For the most part, the Chinese public has been unsympathetic to Mo’s plight. However, even the family’s grieving father has pointed out that the property management company, which was not a defendant in the criminal suit, is also culpable. Their poor emergency preparedness, his lawyer has argued, meant it took more than two hours before firefighters could get to the burning apartment. The father plans to file a separate lawsuit against “responsible parties.”
A court in Dongguan has sentenced a security guard to three years of probation for killing a man who attacked his armored van in October of 2016.
The victim, surnamed Huang, had repeated hit the vehicle with a rock and had pulled off a rearview mirror before the guard shot him. Earlier reports said that a traffic accident had preceded the incident, which investigators ruled out. They did not provide another reason behind Huang’s actions.
Shootings are relatively rare in China, where guns are strictly regulated. Whether the guard had been right to fire his weapon was the topic of much discussion at the time. The court ruled that the security guard’s behavior constituted excessive defense and found him guilty of intentionally injuring Huang.
Beijing plans to demolish 40 million square meters of illegal construction — larger than 5,000 standard soccer fields — the municipal government announced Friday.
Though the campaign against illegally built housing has been ongoing for many years, the city has recently ramped up efforts in order to create more space for greenery and community facilities.
Last year, nearly the same target was met within eight months — but also encountered much opposition. When the capital launched a 40-day campaign against illegal construction late last year after a shantytown fire on Nov. 18 killed 19 people, many accused the city of using the tragedy as an excuse to force migrant workers out of the capital. Authorities denied wrongdoing, but demolitions remain one of China’s most hotly debated issues.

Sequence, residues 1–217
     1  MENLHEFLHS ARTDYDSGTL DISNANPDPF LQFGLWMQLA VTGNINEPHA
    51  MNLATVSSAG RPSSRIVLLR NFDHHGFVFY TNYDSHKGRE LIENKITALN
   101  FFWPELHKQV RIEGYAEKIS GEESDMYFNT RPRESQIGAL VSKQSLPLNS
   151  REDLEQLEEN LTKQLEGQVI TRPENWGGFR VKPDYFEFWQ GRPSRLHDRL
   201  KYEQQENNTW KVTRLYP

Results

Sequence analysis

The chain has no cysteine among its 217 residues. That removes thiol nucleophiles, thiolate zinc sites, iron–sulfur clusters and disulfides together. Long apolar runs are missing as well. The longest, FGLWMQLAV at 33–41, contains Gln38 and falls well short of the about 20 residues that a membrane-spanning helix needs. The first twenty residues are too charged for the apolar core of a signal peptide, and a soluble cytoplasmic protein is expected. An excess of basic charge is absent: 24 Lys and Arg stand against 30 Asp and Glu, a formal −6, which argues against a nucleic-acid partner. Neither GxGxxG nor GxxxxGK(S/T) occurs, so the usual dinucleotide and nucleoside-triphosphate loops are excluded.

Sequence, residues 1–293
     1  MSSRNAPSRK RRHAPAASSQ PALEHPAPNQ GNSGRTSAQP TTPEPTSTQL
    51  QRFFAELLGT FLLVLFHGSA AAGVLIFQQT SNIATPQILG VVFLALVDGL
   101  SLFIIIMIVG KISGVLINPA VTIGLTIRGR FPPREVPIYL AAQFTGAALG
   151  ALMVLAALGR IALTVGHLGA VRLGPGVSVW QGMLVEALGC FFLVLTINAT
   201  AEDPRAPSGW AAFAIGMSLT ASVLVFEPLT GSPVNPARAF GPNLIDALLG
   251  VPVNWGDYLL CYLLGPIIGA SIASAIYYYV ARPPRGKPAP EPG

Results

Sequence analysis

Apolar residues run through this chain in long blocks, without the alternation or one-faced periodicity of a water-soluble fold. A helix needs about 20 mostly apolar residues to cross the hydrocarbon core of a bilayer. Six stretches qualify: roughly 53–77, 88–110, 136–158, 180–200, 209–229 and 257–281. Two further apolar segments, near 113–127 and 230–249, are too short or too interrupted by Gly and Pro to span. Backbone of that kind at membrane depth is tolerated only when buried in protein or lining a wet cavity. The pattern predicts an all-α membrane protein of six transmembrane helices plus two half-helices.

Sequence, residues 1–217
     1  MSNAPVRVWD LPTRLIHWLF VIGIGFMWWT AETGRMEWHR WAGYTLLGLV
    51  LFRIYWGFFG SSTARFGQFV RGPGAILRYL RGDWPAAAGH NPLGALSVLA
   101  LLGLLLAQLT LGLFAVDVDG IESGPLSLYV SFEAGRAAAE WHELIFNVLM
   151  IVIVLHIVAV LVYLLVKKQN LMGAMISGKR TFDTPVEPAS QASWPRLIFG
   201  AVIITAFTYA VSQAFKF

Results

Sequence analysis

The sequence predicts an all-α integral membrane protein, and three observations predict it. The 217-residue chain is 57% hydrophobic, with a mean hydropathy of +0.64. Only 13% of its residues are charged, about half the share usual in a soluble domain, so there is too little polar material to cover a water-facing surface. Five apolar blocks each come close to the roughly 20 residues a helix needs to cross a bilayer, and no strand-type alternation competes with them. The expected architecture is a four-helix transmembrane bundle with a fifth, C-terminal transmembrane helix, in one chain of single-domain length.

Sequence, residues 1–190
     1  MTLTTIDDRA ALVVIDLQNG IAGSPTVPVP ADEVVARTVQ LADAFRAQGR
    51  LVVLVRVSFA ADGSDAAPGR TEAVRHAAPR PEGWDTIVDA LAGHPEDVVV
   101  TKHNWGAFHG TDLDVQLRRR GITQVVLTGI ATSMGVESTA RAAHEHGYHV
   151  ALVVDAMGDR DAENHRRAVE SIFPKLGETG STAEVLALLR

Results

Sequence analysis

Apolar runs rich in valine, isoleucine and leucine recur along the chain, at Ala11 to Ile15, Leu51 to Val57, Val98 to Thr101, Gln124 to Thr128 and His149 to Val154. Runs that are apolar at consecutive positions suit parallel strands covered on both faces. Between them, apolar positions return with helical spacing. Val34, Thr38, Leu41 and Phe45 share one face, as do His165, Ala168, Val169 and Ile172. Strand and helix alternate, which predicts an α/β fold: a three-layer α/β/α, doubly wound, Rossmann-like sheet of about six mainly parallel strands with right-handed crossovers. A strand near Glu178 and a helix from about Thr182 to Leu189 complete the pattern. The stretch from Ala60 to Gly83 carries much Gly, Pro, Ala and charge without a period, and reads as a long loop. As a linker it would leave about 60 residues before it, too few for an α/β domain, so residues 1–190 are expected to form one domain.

Shanghai police have given a 35-year-old man five days’ detention for “slandering and deriding” the victims of the Nanjing Massacre — atrocities committed by Japanese forces during World War II in the then Chinese capital — in a WeChat group. The man had repeatedly said “they killed too few” and “it was only 300,000.”
The police statement warned that “national dignity cannot be trampled at will” and citizens must bear legal responsibilities for what they post in cyberspace.
Recently, two men in Nanjing were detained for 15 days for posing at a historical battlefield in Japanese military uniforms. And in August 2017, an internet company was ordered offline for two months after it produced chat stickers of wartime sex slaves who had been featured in the documentary “Twenty-Two.”
A still of actor Ge You slouching down on a couch in 90s sitcom “I Love My Family” is one of China’s favorite internet memes. The image is often used to express apathy, or sang.
But in 2016, online travel agency eLong used the images in a Weibo post along with Ge You’s name — and the actor hit back with a lawsuit. He said the post looked like an endorsement and infringed his rights. Ge won, and a Beijing court on Friday denied the company's appeal, meaning they will have to pay the actor 75,000 yuan ($11,800), Legal Daily reported.
The company will also have to publicly apologize. An earlier apology, in which eLong cheekily used a quote from Ge, was ruled “ineffective.” (Image: screenshot from ‘I Love My Family’)